Info Overload?

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Topic Author
BellTower
Posts: 2
Joined: Sat Jun 29, 2019 9:50 am

Info Overload?

Post by BellTower »

I am in paralysis over investing for years now, and need to do something to optimize return on savings and an IRA. I have the money parked at Schwab, but am not interested in paid advisors. Schwab recommends their "robo advisors premium" which included an CFP. With this route we have little control.

The situation:
65, married and retired. About 800K in cash, 450K in IRA also in cash. We need this income on top of our SS to make it happen for the next 32 years or so. We are risk averse for sure, and had hoped the market would correct and we'd achieve some discount on buy-in. It just has not happened. Realize some stocks may mitigate inflation risk. Dividends may be nice as well. Understand some diversity is good. Also have gotten advise to "keep it simple as possible" with just a few funds, likely low cost ETFs. What would ya'll recommend in this crazy market? Thanks for the help!

UPDATE:
Thanks everyone for your responses. Here's some additional info:
State: Texas - No state income tax
Federal tax: 22%
SS income: $49,200. No pension.
Annual cost of living: $77,000 (incl insurance, dental, vision).
Emergency fund: Yes, 6 months
No debt
Married, filing jointly
Current portfolio: All in cash
Desired asset allocation: Traditional IRA - not sure but want some growth
Savings - we're very conservative and need income now - maybe 20% stocks and 70% bonds? 5% International? 5% CD's?

Your recommendations for both the IRA and savings portfolios would be greatly appreciated. Thanks!
Last edited by BellTower on Wed Feb 26, 2020 10:24 am, edited 2 times in total.
retired@50
Posts: 3470
Joined: Tue Oct 01, 2019 2:36 pm
Location: Living in the U.S.A.

Re: Info Overload?

Post by retired@50 »

BellTower wrote: Wed Feb 12, 2020 11:19 am I am in paralysis over investing for years now, and need to do something to optimize return on savings and an IRA. I have the money parked at Schwab, but am not interested in paid advisors. Schwab recommends their "robo advisors premium" which included an CFP. With this route we have little control.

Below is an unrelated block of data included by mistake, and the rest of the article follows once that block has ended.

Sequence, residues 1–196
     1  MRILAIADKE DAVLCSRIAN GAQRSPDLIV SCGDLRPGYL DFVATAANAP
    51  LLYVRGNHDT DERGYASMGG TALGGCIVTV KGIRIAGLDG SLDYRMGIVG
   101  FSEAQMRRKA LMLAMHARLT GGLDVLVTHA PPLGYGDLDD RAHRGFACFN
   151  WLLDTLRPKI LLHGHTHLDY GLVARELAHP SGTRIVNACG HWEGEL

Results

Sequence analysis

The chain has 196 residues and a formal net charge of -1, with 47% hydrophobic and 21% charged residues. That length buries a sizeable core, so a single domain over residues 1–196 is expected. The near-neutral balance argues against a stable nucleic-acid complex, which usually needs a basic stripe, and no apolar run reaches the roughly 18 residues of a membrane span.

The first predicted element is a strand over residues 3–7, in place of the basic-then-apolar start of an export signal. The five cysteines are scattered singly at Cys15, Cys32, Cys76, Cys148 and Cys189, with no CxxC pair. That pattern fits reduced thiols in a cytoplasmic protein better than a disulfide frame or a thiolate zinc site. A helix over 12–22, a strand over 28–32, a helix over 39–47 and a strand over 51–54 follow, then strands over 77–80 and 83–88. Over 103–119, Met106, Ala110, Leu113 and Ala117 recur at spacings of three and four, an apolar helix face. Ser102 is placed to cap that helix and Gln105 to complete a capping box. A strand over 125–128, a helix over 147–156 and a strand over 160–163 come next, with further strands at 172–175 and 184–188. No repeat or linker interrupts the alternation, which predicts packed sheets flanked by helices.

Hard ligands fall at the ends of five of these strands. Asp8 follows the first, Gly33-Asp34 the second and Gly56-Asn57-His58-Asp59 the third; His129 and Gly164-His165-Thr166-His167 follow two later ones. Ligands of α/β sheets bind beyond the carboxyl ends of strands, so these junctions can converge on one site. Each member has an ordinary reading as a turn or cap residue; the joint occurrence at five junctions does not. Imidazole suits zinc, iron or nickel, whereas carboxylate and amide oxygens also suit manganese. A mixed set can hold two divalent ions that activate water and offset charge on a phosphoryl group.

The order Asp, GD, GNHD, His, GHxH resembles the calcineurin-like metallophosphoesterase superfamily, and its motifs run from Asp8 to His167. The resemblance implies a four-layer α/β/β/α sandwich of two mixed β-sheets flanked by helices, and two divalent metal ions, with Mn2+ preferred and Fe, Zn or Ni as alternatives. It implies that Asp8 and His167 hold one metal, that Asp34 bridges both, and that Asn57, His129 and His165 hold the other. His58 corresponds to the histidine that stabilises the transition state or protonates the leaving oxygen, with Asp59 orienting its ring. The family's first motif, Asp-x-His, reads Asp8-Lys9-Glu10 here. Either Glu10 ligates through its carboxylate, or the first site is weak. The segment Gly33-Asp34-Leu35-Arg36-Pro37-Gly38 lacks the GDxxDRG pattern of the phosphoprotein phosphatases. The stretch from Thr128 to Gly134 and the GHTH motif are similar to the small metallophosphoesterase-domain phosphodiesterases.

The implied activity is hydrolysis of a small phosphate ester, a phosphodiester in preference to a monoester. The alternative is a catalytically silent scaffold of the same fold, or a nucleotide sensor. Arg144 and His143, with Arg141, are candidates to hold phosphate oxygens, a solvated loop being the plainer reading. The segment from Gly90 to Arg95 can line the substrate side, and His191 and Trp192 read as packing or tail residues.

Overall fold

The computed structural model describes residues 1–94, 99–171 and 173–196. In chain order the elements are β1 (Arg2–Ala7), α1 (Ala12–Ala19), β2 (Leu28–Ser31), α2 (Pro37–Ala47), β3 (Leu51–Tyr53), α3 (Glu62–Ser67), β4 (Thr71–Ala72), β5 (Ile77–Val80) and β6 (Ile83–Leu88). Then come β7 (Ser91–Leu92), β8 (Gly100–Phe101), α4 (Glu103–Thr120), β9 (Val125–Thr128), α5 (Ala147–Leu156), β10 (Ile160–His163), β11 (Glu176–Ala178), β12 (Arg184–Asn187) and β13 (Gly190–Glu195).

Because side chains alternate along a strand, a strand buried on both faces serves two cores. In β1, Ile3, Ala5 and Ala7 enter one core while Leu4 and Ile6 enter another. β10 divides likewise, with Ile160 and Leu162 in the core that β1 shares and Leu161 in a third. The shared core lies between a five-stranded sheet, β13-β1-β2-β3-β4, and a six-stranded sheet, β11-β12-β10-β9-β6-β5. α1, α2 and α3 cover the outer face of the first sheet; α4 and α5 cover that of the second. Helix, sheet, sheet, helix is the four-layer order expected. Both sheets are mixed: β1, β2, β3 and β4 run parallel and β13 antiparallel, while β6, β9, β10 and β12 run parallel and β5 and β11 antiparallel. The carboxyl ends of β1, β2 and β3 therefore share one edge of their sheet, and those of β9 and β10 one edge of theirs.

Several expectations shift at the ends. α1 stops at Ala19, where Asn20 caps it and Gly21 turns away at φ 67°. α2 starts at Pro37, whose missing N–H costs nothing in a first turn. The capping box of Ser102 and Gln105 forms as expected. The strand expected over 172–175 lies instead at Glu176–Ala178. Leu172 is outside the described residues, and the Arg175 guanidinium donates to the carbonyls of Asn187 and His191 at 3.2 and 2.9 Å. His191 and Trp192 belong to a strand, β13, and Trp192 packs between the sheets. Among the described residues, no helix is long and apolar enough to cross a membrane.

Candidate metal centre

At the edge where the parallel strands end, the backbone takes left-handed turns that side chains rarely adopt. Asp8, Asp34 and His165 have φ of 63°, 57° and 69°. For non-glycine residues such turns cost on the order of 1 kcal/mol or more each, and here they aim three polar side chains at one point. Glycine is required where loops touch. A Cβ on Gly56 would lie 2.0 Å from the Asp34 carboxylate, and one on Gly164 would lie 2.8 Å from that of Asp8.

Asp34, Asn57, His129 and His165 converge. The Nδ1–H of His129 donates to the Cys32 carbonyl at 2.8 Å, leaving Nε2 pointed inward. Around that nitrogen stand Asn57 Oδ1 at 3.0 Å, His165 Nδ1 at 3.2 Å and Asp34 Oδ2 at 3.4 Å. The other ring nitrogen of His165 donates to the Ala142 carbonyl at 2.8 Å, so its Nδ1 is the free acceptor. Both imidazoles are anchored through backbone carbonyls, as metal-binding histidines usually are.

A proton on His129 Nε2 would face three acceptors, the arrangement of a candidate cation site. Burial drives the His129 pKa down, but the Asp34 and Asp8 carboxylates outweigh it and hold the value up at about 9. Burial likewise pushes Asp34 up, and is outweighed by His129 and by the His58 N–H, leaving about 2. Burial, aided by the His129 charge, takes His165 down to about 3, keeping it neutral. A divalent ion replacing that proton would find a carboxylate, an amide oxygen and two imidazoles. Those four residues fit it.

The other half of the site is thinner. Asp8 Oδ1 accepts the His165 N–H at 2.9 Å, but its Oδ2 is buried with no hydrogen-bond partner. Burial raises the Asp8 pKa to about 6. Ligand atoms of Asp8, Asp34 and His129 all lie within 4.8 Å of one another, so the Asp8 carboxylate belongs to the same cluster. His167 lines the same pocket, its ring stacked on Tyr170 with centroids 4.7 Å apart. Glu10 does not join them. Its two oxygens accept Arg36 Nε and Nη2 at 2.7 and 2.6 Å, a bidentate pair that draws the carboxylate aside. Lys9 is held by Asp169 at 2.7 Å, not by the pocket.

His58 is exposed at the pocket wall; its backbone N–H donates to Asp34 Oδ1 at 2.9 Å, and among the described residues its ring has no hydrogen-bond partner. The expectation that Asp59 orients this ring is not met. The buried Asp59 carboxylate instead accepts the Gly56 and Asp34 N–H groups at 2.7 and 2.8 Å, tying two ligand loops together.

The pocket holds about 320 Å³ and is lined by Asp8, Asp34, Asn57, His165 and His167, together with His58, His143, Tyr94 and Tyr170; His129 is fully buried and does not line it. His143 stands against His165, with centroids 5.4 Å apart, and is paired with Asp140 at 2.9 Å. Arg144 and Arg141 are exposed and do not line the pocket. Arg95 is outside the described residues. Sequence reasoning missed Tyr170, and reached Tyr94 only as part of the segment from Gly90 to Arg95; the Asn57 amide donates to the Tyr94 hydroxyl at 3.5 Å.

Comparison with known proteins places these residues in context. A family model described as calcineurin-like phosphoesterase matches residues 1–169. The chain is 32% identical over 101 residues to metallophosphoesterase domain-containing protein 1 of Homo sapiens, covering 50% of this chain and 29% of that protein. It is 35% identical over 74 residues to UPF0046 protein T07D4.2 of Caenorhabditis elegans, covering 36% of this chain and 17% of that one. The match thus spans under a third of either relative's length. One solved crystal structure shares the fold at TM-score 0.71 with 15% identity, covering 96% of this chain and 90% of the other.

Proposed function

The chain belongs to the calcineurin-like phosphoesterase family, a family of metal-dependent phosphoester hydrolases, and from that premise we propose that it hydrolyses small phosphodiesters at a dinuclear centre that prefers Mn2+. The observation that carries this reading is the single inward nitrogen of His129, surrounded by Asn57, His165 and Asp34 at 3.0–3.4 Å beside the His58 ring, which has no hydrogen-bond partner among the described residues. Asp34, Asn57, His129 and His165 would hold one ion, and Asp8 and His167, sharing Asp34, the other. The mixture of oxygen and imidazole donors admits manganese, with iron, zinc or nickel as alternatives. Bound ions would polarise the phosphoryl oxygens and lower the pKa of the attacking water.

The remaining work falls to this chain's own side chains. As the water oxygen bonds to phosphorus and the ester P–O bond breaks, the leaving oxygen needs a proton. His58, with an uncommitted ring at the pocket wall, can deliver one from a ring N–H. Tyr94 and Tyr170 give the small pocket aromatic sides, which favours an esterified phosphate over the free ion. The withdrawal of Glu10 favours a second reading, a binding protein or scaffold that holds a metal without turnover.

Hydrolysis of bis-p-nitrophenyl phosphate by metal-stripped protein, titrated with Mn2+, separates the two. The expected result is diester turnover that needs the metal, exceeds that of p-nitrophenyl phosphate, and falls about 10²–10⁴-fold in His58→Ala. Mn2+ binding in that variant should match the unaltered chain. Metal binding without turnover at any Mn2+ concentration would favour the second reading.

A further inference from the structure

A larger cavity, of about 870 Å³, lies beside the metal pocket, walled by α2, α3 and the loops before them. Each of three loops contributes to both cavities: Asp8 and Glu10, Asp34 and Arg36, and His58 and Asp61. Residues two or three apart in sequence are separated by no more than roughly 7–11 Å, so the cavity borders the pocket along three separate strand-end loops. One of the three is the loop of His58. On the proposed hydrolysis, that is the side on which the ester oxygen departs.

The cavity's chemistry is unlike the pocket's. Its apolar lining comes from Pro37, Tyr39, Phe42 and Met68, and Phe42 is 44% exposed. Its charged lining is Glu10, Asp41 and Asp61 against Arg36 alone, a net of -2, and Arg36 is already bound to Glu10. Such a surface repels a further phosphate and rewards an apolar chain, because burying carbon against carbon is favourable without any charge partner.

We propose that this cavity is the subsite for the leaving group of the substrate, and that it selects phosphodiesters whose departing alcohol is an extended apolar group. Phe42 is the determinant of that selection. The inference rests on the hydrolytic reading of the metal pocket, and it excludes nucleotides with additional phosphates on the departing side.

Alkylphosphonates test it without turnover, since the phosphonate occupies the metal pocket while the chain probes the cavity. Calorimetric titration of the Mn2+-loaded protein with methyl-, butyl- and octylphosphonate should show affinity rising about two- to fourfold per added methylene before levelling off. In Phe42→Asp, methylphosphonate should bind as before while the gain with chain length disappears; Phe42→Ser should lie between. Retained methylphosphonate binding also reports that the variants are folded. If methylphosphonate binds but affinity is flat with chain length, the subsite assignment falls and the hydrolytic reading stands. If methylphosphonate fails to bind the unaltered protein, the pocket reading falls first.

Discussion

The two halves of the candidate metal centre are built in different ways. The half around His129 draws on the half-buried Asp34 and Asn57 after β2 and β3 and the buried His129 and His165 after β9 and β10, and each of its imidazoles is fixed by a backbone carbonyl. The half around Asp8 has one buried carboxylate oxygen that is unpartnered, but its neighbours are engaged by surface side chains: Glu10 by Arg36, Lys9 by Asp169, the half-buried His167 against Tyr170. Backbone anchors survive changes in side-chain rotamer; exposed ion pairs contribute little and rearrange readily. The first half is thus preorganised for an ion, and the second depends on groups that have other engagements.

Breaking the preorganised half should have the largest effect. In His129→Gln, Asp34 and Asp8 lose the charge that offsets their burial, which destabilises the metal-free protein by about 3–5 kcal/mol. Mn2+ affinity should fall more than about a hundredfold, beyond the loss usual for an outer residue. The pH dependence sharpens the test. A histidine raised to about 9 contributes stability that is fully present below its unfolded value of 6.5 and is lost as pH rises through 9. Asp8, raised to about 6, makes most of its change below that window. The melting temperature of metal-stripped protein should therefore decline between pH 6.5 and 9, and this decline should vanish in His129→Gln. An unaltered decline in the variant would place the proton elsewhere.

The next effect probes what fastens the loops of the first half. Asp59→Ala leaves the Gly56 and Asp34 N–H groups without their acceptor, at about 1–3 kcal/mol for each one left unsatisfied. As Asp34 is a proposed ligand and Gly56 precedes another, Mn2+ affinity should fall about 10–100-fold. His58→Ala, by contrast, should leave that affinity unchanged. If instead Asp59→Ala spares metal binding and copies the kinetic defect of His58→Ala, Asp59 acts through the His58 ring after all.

The situation:
65, married and retired. About 800K in cash, 450K in IRA also in cash. We need this income on top of our SS to make it happen for the next 32 years or so. We are risk averse for sure, and had hoped the market would correct and we'd achieve some discount on buy-in. It just has not happened. Realize some stocks may mitigate inflation risk. Dividends may be nice as well. Understand some diversity is good. Also have gotten advise to "keep it simple as possible" with just a few funds, likely low cost ETFs. What would ya'll recommend in this crazy market? Thanks for the help!
You could likely set up a portfolio before the market closes today!
See the wiki page on the Three-Fund Portfolio. https://www.bogleheads.org/wiki/Three-fund_portfolio

If it were me, I'd use the following. Adjust to your own personal risk tolerance. Hold the bonds in your tax-deferred account.

45% SWTSX - Total Stock Market Index
15% SWISX - International Stock Index
40% SWAGX - Total Bond Index

Regards,
Last edited by retired@50 on Wed Feb 12, 2020 11:47 am, edited 1 time in total.
This is one person's opinion. Nothing more.
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ruralavalon
Posts: 19469
Joined: Sat Feb 02, 2008 10:29 am
Location: Illinois

Re: Info Overload?

Post by ruralavalon »

Welcome to the forum :)